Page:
A Winter Wonderland would not be complete without a visit to see Santa…and luckily he has taken time out from his busy schedule to visit all of the boys and girls in Manchester.

Voted ‘Best Family Day Out’in the Raring 2 Go Awards last year, Winter Wonderland Manchester runs until 1st January 2017. With all rides and shows included in one ticket price, it really is a fantastic festive treat.

Roll up, roll up…

-Kristy Stott

 

 

REVIEW: Sweet Charity (Royal Exchange Theatre, Manchester)

Kaisa Hammarlund in Sweet Charity © Richard Davenport
Kaisa Hammarlund in Sweet Charity
© Richard Davenport
upstaged rating:   

Manchester’s Royal Exchange Theatre has hit the Christmas show jackpot in staging Sweet Charity this year. Under Derek Bond’s masterful direction, the musical theatre classic fills the Great Hall – bursting with big Fosse numbers, a superb live band and an extraordinary cast – it’s as if Sweet Charity was made to be performed in the round.

When Sweet Charity first burst onto the Broadway stage in 1966, it struck a chord with the audience of that era – vibrant and electric, encapsulating the spirit of the sixties. Fifty years on this iconic musical comedy continues to delight modern audiences. Our loveable heroine, Charity Hope Valentine is ‘stuck on the flypaper of life’. Working as a dance-hall hostess, she dreams of breaking free and finding her true love.

The diminutive Kaisa Hammarlund packs a punch as Charity Hope Valentine. Commanding the stage, she holds our gaze and clutches at our hearts. Comedic, graceful and free – Hammarlund’s Sweet Charity is a complete tour de force.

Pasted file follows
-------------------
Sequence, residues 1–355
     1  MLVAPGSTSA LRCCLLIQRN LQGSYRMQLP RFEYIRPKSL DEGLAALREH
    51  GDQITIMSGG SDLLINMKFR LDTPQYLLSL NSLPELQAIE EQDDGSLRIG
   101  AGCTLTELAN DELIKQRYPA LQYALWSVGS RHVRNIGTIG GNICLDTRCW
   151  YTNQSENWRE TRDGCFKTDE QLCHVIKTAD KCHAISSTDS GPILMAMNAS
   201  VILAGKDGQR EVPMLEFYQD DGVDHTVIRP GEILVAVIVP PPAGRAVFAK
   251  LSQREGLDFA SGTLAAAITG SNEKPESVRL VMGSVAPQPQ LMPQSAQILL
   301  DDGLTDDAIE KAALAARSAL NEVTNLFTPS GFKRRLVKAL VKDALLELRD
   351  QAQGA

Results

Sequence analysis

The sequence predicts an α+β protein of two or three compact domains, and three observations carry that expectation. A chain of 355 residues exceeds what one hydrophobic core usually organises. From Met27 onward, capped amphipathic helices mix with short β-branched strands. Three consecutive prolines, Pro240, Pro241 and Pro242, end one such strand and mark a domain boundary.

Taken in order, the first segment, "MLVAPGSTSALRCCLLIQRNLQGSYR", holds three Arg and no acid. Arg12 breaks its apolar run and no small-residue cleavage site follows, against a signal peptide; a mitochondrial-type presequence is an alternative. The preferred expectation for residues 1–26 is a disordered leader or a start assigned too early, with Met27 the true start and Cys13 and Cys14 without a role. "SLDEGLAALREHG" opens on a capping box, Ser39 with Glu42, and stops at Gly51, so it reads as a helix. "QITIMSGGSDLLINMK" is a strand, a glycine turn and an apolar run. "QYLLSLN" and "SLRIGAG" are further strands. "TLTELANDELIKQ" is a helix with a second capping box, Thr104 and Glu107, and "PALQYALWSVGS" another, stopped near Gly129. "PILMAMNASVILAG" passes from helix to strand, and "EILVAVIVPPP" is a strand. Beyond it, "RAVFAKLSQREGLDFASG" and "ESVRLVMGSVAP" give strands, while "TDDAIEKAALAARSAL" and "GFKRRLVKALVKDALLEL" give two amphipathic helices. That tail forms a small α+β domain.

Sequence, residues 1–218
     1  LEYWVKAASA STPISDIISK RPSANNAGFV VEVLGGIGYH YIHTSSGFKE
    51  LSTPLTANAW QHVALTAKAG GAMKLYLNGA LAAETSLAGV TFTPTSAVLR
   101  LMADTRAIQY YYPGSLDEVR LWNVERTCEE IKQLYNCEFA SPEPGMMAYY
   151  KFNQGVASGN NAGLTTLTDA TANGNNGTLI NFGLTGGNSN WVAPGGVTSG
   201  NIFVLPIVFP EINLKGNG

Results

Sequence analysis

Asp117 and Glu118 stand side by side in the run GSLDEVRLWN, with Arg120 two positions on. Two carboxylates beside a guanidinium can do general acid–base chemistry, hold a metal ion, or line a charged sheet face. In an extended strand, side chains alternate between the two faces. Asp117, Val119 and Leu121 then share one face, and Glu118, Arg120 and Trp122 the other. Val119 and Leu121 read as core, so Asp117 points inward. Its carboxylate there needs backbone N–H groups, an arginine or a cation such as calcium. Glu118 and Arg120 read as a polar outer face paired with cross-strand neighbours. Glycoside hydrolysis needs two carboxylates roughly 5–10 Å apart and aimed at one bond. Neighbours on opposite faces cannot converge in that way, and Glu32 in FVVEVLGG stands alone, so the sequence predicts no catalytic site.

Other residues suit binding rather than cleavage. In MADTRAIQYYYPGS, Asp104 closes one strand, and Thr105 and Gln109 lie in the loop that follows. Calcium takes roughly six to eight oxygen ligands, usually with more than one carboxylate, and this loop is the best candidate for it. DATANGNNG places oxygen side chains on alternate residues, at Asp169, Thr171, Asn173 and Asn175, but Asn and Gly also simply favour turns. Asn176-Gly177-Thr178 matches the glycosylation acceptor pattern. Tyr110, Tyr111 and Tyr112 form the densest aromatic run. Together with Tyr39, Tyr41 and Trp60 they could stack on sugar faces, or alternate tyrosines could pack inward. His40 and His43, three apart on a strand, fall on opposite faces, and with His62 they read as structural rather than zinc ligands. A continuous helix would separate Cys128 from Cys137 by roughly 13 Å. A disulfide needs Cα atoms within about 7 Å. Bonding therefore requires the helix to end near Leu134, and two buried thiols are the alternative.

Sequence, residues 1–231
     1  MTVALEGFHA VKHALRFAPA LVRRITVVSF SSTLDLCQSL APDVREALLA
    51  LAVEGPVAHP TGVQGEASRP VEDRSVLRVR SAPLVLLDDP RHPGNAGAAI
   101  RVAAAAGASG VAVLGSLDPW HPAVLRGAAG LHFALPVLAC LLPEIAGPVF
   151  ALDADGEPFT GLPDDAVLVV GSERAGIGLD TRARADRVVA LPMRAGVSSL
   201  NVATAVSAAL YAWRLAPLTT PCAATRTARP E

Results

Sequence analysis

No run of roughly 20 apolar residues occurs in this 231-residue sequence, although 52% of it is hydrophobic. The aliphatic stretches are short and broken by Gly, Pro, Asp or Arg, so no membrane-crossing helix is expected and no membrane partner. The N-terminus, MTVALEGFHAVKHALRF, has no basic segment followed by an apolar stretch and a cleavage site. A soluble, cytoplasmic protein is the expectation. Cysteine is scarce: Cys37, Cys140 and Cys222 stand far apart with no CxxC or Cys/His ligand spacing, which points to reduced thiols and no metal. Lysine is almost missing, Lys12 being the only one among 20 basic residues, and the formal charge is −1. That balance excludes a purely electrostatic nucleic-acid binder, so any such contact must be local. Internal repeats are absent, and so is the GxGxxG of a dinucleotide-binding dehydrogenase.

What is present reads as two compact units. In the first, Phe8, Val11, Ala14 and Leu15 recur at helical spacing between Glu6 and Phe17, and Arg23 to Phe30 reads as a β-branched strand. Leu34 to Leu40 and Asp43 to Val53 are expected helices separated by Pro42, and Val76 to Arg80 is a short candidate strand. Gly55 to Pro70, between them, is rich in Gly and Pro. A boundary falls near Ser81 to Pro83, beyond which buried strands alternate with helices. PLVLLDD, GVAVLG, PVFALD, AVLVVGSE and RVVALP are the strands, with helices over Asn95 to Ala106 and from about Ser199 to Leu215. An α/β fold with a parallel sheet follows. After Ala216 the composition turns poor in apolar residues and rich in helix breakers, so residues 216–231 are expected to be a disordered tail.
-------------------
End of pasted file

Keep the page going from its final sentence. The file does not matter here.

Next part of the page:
Staging this musical in the round must not have been without some very difficult challenges but Derek Bond’s direction fully embraces the Royal Exchanges wonderful space. James Perkins’ set design works with the unique auditorium – colourful sixties attire and well-placed props are simple and highly effective in guiding the audience through Charity’s calamitous life. Aletta Collins’ choreography is fast-paced and lively, fully allowing the animated and hugely talented cast to fill the performance area. The dance hall scenes are cleverly crafted with Cat Simmons shining as the hard-faced Helene and Holly Dale Spencer delivering a superb performance as Nickie. In a show packed full of show-stopping numbers, the two deliver a dynamic and heartfelt pairing when they sing ‘Baby, Dream Your Dream’.